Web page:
Maine students are placed in seclusion and restraints at a rate four to eleven times higher than the national average. Those figures come from a report released by Disability Rights Maine on Monday, ahead of a public hearing on a bill to ensure schools adhere to state rules restricting the practice.
According to the report, the use of restraints and seclusion on Maine students has nearly doubled since 2014, jumping from 12,000 incidents to more than 20,000. Disability Rights Maine attorney Atlee Reilly told the Legislature’s Education Committee that students with disabilities are disproportionately affected.
“A majority of the restraints in Maine take place at special purpose private schools that only serve children with disabilities,” he said. “We’re looking at half a percent of the student population and 55 percent of the restraints and seclusions. None of this is acceptable.”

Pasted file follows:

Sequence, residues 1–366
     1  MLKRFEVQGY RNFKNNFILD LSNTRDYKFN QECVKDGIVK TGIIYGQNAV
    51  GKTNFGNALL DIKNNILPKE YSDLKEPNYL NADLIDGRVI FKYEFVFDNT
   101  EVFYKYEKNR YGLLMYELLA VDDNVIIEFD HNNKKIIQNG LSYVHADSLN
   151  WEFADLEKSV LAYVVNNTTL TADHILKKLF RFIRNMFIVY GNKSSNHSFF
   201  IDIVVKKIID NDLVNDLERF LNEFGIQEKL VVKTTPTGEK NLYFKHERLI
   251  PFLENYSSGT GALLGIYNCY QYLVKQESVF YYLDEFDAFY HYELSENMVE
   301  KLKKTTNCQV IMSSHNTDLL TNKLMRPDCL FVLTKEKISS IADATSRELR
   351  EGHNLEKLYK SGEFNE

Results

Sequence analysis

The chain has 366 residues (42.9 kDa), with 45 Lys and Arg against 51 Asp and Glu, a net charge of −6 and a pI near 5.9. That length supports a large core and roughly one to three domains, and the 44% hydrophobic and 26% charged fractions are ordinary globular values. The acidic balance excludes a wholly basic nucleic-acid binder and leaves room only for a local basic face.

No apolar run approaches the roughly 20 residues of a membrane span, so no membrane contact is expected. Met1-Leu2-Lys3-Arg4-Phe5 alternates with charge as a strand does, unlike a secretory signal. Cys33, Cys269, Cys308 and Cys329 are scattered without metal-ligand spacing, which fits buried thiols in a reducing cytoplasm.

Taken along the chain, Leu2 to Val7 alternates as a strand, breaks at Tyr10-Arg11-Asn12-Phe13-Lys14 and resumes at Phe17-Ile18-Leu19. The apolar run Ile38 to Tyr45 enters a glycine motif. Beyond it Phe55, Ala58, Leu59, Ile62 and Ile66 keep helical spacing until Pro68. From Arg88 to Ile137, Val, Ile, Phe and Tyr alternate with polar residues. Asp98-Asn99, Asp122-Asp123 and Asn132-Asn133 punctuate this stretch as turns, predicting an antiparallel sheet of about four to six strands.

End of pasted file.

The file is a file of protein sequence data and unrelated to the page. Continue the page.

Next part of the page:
Reilly spoke in support of a bill to ensure schools follow state rules requiring seclusion and restraints be used only in emergency situations. He urged lawmakers to go even further and place an outright ban on seclusion.
But Jill Adams of the Maine Administrators of Services for Children with Disabilities said the bill fails to address the root of the problem.
“The need for professional development for all personnel on evidence-based behavioral intervention,” she said.
The Maine Department of Education also testified against the bill, saying it was redundant, even though officials expressed concern about excessive use of restraints and seclusion.
Specific examples cited in the Disability Rights Maine report include a 7-year-old who was restrained 34 times in the span of 42 school days. In another case, an 11-year-old was restrained and secluded 91 times over the course of a school year.
Originally published May 13, 2019 at 5:13 p.m. ET.